Possum Valley Heat Wave

Today is the hottest at Possum Valley in the 42 years I have been here.  The temps in the last three days have been:- 32C the second hottest day ever, 33C equalling the hottest recorded over a decade ago, and today 34C for a new record.  That is outrageous, especially as it is still October and technically still spring, not that season names or periods imported from Europe have much relevance here in tropical Australia.  It doesn’t bode well for the coming summer.  Nor does the BOM outlook bode well, with an El Nino developing and less than average rainfall going into Jan at least.  The ground is so dry and crunchy underfoot as many of the trees look limp and stressed out and have shed a lot of leaves.  

bring back the leeches

I have responded to the searing temperatures by not doing much, which works for me.  Unfortunately I didn’t have much warning and didn’t get enough books from the library for some serious lazing about.  To compound the problem, I have also completed the 880 Times cryptic crosswords from the books I ordered a few years ago.  In desperation I have looked back through them to fill in some clues I couldn’t get the first time around.  Two weeks ago I put in an order over the internet for another 800, and saw estimated delivery time 3-4 days.  I had a good chuckle at that.  Perhaps, maybe, if you live in a capital city which company websites and even government websites assume you do.  If you live in a rural town you can double that and if you live at Possum Valley you can read it as 3-4 weeks.  It might be a week between me checking my mailbox which is a modified beer-brewing barrel stuck on a fence post 4 km away at a windy road junction.  I only get a delivery service once a week, so if me and the dear lady who delivers are out of sync, that’s two weeks blown right there.  And I’m not even out bush! 

I just had a flashback to the early 1970’s when I caught a goods train from Port Augusta to Alice Springs in a carriage straight from an old western tacked on to the end of long long goods train where the engine was a distant rumour over the horizon.  It slammed to a stop in the middle of nowhere.  The slamming was the distant engine coming to a stop, but there was enough slack in the chain connections for it to take a minute before the message got to the back.  You could hear it coming as each carriage crashed into the stationary train with increasing force.  Enough warning to brace yourself except when deep asleep and I got thrown out of bed a few times. On this occasion we stopped we stopped in a bare desert that went forever without tree or bush or blade of withered grass.  The only feature was a post with a barrel on top, right by the tracks.  The guard stepped out of the last carriage with a handful of letters and a dozen eggs.  I have no idea how the engine driver over the horizon managed to pull up the train so the guard could just step out and put them in the barrel.  The trip took 3 nights and 4 days with BYO food and drink, or die.  The connection in my mind was the barrel on a post and erratic deliveries.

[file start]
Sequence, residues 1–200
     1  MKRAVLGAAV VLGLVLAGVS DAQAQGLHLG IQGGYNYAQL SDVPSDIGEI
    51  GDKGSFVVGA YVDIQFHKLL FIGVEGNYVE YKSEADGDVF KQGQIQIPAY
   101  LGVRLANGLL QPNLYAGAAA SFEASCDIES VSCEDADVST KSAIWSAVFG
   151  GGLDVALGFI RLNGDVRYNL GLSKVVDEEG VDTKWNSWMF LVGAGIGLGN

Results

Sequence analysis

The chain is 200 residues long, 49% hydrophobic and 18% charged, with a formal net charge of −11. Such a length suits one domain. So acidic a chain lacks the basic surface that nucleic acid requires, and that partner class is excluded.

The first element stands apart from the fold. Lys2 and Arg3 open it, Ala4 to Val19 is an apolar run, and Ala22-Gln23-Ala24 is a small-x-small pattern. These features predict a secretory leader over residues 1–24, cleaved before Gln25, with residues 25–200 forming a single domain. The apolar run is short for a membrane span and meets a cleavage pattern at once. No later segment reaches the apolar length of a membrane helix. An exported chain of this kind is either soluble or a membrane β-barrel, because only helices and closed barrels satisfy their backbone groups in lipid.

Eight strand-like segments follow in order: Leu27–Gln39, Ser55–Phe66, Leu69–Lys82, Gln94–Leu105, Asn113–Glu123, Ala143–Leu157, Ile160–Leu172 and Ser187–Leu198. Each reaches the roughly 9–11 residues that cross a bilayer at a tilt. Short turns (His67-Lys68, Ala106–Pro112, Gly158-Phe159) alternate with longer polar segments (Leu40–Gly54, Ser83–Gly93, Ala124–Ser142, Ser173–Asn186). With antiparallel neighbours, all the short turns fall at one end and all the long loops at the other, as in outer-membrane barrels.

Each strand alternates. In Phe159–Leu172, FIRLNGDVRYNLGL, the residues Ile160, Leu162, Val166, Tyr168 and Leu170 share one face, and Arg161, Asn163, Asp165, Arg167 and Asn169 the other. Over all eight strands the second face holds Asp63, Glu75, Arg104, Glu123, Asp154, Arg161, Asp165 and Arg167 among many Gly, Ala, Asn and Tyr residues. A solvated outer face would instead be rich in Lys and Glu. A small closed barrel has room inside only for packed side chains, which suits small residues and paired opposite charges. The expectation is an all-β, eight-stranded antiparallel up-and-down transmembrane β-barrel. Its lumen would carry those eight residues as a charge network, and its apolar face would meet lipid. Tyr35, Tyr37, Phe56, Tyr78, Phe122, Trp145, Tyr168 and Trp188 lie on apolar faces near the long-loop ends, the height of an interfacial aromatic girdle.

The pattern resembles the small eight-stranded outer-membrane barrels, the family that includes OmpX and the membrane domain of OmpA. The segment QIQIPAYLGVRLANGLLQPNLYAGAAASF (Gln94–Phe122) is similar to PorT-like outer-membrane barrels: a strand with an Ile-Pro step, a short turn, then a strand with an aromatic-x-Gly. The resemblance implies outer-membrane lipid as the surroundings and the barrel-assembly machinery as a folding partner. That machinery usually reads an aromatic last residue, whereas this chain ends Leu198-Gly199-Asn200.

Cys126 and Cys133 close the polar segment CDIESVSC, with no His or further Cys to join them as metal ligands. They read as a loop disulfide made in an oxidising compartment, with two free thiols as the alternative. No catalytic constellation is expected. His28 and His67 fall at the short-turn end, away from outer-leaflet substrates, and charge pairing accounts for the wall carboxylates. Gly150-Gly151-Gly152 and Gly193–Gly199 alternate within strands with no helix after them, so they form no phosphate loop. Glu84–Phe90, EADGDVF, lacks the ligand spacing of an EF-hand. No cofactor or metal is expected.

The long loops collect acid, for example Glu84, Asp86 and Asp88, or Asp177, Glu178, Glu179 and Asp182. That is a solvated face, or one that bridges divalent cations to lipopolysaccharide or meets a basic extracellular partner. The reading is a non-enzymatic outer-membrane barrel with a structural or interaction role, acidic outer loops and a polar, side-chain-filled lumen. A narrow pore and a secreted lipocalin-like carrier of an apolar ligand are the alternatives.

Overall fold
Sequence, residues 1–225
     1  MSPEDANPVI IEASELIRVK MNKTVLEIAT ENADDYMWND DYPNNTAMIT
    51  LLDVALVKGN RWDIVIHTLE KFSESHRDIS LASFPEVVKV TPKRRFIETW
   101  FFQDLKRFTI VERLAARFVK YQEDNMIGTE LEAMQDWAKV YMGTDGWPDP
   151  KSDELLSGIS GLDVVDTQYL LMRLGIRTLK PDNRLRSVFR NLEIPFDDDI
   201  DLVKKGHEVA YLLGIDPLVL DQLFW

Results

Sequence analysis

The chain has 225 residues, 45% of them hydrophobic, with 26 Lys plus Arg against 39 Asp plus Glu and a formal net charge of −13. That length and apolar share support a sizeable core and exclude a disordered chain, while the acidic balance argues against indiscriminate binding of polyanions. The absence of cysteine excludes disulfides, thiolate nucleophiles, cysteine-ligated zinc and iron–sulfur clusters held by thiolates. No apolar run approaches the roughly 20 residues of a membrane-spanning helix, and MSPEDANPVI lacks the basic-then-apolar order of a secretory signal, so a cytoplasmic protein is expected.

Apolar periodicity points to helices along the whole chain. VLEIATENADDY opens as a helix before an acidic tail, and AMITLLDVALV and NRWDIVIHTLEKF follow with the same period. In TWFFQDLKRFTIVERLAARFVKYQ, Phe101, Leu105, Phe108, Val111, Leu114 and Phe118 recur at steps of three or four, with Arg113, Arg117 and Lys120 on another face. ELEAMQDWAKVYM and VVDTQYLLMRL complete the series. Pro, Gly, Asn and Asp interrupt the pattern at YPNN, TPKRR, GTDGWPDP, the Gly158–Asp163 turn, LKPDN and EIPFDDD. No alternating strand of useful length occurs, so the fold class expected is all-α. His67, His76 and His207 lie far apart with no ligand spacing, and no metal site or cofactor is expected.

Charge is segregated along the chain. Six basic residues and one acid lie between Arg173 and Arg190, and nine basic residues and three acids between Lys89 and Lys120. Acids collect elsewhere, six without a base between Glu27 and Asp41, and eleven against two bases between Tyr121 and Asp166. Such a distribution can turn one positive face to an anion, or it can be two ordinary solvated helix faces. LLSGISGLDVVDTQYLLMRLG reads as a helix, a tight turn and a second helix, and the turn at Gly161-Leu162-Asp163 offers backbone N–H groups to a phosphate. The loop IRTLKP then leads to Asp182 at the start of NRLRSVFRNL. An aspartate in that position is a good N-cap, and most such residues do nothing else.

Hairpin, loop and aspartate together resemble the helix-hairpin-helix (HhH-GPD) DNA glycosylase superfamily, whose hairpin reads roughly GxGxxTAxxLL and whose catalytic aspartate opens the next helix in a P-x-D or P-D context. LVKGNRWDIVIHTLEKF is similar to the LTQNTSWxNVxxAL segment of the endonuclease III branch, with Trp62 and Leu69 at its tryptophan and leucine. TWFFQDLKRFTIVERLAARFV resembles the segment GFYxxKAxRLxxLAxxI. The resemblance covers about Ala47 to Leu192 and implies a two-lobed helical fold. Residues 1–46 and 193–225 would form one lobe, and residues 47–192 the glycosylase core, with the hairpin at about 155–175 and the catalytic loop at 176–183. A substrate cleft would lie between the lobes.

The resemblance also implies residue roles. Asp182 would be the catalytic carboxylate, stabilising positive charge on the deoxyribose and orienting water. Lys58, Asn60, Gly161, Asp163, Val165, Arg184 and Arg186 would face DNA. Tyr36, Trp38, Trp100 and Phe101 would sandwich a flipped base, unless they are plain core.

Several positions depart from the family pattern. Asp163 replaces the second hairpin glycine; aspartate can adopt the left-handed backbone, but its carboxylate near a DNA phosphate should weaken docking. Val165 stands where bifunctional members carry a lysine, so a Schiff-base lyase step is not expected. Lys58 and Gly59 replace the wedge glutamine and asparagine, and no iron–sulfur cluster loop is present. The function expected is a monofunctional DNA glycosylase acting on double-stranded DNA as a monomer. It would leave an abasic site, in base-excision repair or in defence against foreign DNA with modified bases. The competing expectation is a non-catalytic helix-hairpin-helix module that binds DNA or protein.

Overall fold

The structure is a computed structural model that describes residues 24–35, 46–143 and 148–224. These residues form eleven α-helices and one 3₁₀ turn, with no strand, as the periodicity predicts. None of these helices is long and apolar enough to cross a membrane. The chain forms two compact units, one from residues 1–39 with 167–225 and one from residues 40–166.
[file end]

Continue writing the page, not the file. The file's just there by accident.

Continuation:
It is not quite true that I have done nothing in the last few days.  On the first day of the heat wave I woke to a temp of 10C.  At 6.30 am I actually needed a jumper so decided to use a time with no guests and very moderate temperature to do a bit of hard yakka and make the world hideous with noise.  So I made a selection of a couple from my extensive range of chain saws and went off to chop and haul some logs from fallen trees in the rainforest.  It was a good move to get going early as the temp soon pushed on to 32C.  Such a temperature range is rather unusual.  The wood is for the sauna, but it requires chopping, humping, stacking, splitting with an axe, re-stacking and drying for six or more months before it is good to go.  

I have on several occasions taken my grandsons, 2 1/2 and 4 1/2 along when I do this macho power stuff with the chainsaw.  Also their father on the farm does the same for firewood for the house fire.  It is not surprising that they both have adopted toy chainsaws when they stay with me for the day.  Henry uses a bit of junk I think might be an insulator for an electric fence, but does have some resemblance to a miniature chainsaw, and Philip nominates a back scrubbing brush from the bathroom but insists I detach the brush from the long handle before it is fit for use.  They then go off into nearby bushes to go to work with very realistic buzzing sounds.  The good news is that they respect work and are doing their best to emulate their elders.  The bad news is that unless I can educate them in the appropriate use of chainsaws, I may have created eco-monsters.

Speak Your Mind